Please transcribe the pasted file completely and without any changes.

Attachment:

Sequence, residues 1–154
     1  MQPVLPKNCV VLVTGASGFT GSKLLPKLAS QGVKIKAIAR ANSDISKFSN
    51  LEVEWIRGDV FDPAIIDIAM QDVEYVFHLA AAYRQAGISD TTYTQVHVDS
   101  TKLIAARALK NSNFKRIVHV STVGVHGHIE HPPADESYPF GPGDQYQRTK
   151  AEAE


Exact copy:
Sequence, residues 1–154
     1  MQPVLPKNCV VLVTGASGFT GSKLLPKLAS QGVKIKAIAR ANSDISKFSN
    51  LEVEWIRGDV FDPAIIDIAM QDVEYVFHLA AAYRQAGISD TTYTQVHVDS
   101  TKLIAARALK NSNFKRIVHV STVGVHGHIE HPPADESYPF GPGDQYQRTK
   151  AEAE